Study Finds Slope of Cognitive Decline Not Largely Determined by Adulthood Factors


Low cognitive functioning and cognitive decline have been linked to an increased risk of morbidity and mortality.

Cognitive functioning (CF) declines as a person ages, according to a recent study published in PLoS ONE; however, when measuring non-age-related variation in CF, investigators determined that controlled factors (socioeconomic, physical health) are not significantly associated with CF.

“We found all the observed individual socioeconomic indicators, bio-behaviors, and physical health measures could not explain the within-person non-age-related variability in CF from age 54 to 85,” the study authors wrote.

The investigators observed that age-related change in CF vary due to socioeconomic and health factors, although early life conditions still did not appear to significantly impact CF as they entered later life.

It is estimated that dementia will affect 131.5 million people globally by 2050. Dementia, Alzheimer disease, cerebrovascular disease, and Lewy body disease is estimated to account for 41% of cognitive decline in an aging population, but 59% of these cases are not going to be one of the aforementioned conditions; however, they will affect mortality, morbidity, and quality of life.

Investigators sought to determine how and why the overall decline of cognitive abilities occurs at different rates in people.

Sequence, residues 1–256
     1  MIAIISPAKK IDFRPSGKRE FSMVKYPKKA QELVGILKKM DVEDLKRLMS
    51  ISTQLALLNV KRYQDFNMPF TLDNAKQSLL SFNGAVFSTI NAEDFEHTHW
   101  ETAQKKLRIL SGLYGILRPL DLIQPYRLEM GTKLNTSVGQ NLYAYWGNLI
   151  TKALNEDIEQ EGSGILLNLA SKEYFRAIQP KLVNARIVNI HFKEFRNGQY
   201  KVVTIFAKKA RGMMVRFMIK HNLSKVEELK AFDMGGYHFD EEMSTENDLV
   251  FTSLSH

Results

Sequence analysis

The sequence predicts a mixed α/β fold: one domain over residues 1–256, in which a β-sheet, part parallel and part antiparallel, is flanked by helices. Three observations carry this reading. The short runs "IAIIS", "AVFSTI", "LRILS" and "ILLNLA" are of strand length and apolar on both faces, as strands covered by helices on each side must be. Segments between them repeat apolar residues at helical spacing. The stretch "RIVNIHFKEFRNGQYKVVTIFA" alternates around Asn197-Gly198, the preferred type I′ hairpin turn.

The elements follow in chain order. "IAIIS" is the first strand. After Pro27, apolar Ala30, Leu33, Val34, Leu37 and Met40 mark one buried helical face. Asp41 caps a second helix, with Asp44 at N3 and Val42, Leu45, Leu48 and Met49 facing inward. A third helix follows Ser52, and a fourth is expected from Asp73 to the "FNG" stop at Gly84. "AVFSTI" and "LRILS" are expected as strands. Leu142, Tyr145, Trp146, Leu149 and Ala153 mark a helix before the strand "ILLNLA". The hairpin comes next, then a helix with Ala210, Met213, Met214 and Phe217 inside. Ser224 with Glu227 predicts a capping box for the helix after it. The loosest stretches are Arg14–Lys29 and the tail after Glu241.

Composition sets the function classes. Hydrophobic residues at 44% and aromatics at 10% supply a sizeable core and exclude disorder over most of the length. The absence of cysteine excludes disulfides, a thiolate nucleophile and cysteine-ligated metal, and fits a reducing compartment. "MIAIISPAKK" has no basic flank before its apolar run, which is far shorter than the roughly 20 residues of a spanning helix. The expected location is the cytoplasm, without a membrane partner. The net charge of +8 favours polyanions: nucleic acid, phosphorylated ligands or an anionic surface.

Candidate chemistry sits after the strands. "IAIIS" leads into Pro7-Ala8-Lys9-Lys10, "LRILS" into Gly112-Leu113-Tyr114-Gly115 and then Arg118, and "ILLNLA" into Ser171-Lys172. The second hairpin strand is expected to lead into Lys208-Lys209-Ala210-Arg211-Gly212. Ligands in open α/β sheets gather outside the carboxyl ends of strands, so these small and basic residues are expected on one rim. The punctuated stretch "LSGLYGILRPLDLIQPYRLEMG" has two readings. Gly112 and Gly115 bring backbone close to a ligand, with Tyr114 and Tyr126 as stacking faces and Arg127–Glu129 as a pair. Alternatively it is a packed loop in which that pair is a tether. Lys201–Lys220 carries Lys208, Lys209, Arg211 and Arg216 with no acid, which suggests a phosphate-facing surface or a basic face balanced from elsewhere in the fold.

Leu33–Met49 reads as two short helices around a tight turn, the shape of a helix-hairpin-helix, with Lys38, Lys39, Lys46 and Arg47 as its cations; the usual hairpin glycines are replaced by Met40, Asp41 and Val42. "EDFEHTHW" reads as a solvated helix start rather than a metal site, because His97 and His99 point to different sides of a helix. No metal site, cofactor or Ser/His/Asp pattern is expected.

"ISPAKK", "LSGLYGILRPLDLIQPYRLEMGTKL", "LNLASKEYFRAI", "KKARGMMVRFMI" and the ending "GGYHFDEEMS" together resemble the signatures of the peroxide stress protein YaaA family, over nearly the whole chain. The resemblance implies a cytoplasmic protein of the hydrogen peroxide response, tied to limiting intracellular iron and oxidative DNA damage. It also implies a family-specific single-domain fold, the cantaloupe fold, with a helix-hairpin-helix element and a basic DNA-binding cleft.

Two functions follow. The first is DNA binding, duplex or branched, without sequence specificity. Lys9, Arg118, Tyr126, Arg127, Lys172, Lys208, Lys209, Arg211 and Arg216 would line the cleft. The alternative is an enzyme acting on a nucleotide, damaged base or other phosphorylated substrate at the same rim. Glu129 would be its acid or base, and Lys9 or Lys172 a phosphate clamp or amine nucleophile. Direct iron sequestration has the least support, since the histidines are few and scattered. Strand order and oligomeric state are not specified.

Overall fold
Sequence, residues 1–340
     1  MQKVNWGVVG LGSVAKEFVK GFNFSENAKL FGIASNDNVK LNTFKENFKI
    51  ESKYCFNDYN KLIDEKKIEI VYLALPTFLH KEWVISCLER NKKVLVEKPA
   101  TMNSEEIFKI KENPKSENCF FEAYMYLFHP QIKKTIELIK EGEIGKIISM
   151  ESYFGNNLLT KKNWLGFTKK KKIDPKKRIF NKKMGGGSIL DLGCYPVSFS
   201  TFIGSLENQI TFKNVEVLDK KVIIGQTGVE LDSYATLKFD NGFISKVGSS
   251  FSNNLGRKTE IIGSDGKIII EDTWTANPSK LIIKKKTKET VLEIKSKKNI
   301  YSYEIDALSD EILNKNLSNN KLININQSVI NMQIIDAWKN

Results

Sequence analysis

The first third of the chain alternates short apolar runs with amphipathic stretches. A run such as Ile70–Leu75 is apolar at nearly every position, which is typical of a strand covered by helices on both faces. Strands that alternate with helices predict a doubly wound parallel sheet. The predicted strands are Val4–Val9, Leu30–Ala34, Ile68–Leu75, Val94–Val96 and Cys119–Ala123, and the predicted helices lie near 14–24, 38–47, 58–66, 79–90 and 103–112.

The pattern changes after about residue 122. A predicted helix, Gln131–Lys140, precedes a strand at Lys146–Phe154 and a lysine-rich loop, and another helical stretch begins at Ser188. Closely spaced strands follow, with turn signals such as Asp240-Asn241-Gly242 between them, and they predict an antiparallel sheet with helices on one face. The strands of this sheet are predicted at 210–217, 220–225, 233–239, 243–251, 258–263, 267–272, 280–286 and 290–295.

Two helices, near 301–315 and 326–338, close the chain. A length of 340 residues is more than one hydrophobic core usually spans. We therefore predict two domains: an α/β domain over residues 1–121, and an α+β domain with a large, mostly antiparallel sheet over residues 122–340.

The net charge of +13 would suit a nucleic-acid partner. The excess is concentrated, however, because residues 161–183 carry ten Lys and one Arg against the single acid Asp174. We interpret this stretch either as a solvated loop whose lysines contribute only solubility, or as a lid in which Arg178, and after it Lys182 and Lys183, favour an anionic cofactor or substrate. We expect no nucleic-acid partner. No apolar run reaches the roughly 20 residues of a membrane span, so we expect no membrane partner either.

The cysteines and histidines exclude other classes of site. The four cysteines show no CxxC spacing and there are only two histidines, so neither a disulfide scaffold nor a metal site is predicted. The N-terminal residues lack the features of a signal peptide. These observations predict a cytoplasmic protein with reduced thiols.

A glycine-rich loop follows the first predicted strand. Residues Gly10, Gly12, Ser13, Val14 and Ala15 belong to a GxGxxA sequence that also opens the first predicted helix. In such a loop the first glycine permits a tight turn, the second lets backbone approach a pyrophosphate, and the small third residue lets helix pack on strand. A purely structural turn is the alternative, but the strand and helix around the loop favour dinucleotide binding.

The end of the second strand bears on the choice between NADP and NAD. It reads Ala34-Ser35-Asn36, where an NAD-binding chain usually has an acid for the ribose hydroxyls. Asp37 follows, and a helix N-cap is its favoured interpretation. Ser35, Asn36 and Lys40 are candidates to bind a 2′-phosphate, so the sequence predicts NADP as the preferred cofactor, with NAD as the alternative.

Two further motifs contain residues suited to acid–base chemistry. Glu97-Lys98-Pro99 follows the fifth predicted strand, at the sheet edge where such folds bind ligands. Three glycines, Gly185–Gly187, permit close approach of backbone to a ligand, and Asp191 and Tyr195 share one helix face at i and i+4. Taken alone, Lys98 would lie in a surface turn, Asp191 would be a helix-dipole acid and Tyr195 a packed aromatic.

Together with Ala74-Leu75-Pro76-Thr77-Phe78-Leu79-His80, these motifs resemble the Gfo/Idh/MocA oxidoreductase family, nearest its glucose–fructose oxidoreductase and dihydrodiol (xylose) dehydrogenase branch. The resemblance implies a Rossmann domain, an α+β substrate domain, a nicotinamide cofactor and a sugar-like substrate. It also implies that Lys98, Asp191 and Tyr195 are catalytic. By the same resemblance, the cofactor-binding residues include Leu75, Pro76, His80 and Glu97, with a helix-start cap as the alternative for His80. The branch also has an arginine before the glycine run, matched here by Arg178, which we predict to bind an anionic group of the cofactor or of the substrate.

“Solving this problem has important ramifications for policymakers and medical interventions to target the causes that are most influential on cognitive trajectories,” the study authors wrote.

The team used nationally representative data of individuals aged 54 to 85 years taken from the US Health and Retirement Study (HRS), conducted between 1996 and 2016. They studied the relationship between a wide range of factors, such as adult socioeconomic status or bio-behavioral factors, and long-term cognitive trajectory (slope) of decline. They conducted follow-up after 20 years to model the slopes of CF factors.

The data suggest that individual socioeconomic status—including education, income, race, and wealth—was the most important observable factor that determined variation of CF among people aged 54 years. Observed factors accounted for 38% of the CF variation in this younger study population.

But controlled factors only accounted for 5.6% of between-person variation in age slope, whereas 23% of within-person CF variation was explained by age. Additionally, it was noted that having a college degree was associated with age slope, but years of education were not necessarily associated with CF slope.

Study limitations included that HRS scores could be influenced by the floor effect; the HRS focuses on memory function more than other cognitive domains, such as processing speed or executive function, and the study did not measure certain factors that can predicate a person’s CF trajectory.

“Although many factors are statistically associated with the level and slope of CF, their contributions to the population variation, especially the slope, are rather small,” the investigators wrote. “Future research is urgently needed to discover the main determinants of the slope of decline to slow down the progression of cognitive impairment and dementia.”


Zheng H, Cagney K, Choi Y. Predictors of cognitive functioning trajectories among older Americans: A new investigation covering 20 years of age- and non-age-related cognitive change. PLoS ONE. February 8, 2023. Accessed February 9, 2023.

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